You have people who bought tickets. You have people relying on you. You have a show to put on. Just go figure it out. When I started saying yes and figuring out to everything in corporate and in my business, it answered so many questions and I've always been like, this sucks.

This is painful. I wish I could I remember not sleeping nights. Like, oh, these events again goes back. Not to me. When I go in and I have people here, I host them.

I love also giving opportunity as much as I can because people give me opportunity. So if I can give it, it'll come back. And it's not about coming back. You need to give without the expectation of it coming back. The way I want to come back is those who I give do something with it.

I love when people win. I get more excited than they do for their wins and people are like, why are you so excited? I'm like, we're winning. Like you're winning. I'm so hype.

It feels like a win for me because I'm so behind them. So I get to give people those opportunities. I give them those stages. And those in the audience are crying and they're standing up and they're clapping and they're thanking me for just creating such a room of energy that will change every individual life in there. That goes back to what it's about, the platform, the lives change, the impact, the inspiring, what each and every person is going to do with it after.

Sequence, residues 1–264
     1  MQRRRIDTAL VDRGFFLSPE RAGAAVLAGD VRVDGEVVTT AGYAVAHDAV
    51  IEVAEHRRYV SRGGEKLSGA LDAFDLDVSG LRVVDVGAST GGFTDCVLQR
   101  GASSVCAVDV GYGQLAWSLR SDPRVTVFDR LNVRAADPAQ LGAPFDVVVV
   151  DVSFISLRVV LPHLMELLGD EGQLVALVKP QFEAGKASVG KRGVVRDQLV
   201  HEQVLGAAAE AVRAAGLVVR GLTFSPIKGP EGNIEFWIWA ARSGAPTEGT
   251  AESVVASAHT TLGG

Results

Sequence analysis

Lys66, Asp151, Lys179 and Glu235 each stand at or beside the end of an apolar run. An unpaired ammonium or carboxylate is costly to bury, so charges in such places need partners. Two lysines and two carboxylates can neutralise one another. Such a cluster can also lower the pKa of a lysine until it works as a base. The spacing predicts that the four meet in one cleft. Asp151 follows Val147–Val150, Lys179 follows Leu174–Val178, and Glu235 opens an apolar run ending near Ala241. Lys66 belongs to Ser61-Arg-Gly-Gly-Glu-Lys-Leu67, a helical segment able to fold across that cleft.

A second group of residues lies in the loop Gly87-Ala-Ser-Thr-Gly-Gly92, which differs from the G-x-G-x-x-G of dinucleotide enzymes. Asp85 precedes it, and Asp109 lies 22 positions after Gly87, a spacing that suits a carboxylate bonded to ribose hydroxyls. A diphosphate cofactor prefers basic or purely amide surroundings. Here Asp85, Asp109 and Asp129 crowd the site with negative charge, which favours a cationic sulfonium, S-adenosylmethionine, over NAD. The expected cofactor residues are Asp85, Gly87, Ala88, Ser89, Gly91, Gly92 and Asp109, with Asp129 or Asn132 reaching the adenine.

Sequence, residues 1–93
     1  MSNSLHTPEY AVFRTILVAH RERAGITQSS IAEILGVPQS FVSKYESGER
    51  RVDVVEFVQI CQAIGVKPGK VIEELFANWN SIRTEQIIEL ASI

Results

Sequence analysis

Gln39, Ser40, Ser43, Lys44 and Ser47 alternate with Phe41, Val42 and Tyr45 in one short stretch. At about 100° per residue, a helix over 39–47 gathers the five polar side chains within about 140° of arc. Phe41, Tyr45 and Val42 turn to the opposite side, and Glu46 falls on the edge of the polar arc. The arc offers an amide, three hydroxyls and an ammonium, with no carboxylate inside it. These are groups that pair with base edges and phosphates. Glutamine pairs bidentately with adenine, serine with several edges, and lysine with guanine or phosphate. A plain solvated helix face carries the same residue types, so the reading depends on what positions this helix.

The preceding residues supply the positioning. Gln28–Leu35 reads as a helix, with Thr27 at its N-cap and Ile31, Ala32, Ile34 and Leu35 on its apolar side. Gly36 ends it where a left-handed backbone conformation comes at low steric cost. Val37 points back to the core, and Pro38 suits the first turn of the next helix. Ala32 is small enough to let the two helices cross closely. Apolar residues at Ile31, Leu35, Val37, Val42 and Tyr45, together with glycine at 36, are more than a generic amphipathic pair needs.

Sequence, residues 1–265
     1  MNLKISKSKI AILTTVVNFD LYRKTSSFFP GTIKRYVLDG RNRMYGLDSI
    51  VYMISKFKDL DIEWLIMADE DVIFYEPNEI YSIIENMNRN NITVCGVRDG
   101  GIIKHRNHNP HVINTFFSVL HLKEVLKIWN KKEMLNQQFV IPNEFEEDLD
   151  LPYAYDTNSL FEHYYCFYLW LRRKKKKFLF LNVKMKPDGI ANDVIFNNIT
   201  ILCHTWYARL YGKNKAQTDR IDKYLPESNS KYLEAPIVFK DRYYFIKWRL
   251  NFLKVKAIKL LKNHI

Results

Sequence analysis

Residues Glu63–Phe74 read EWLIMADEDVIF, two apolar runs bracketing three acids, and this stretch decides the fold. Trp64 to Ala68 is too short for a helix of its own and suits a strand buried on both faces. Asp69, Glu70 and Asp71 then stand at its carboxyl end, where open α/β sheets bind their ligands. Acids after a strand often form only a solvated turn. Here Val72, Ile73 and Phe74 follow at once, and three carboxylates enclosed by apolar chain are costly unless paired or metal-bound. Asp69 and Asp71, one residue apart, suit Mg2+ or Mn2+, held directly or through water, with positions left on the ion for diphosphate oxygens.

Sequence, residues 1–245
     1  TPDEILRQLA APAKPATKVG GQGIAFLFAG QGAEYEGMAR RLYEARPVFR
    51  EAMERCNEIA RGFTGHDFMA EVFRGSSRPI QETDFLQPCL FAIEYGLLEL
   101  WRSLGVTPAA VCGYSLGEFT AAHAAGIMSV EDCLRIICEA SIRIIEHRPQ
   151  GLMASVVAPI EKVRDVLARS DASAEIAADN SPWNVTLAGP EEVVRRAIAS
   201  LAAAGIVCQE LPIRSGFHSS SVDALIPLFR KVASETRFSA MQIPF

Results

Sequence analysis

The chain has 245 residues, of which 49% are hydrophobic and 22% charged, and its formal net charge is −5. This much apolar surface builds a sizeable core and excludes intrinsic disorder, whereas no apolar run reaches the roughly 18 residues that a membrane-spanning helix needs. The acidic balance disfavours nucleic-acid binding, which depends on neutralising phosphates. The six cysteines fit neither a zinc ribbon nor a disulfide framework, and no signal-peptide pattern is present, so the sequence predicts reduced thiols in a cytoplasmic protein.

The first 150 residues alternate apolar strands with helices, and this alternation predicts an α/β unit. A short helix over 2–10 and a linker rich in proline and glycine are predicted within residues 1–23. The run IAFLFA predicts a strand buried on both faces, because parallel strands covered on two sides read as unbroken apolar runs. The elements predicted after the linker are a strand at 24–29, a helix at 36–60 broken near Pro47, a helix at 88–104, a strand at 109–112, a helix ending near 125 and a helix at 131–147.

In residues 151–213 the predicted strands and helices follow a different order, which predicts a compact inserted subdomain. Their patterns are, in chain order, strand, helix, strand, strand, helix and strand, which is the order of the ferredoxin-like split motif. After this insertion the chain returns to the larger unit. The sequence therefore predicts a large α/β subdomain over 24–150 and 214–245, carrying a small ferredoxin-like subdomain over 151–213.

And where can people learn about your event? You can look me up. Dylan Smith, Dylan on Google. Everything comes up. Or D is for Dylan.com or D is for Dylan.

19 on Instagram. I'm so happy to connect with anybody and everybody. I don't judge, I recommend. Nobody does it. I think everybody is beautiful and everybody has something to offer.

Dylan, this has been such a pleasure and an honor and thank you. So much for spending a few minutes with me this morning. I appreciate it. I appreciate you having me on your platform and putting me on the VIP list. Of course.

Well, you are a VIP. I appreciate you are too. Thank you, honey. All right. Thank you for listening, everyone.

I certainly hope that you enjoyed today's interview. Thank you so much for joining me, and as always, hope that you and your family are healthy and safe and that your lives are filled with peace, joy, and happiness. Take care, everyone.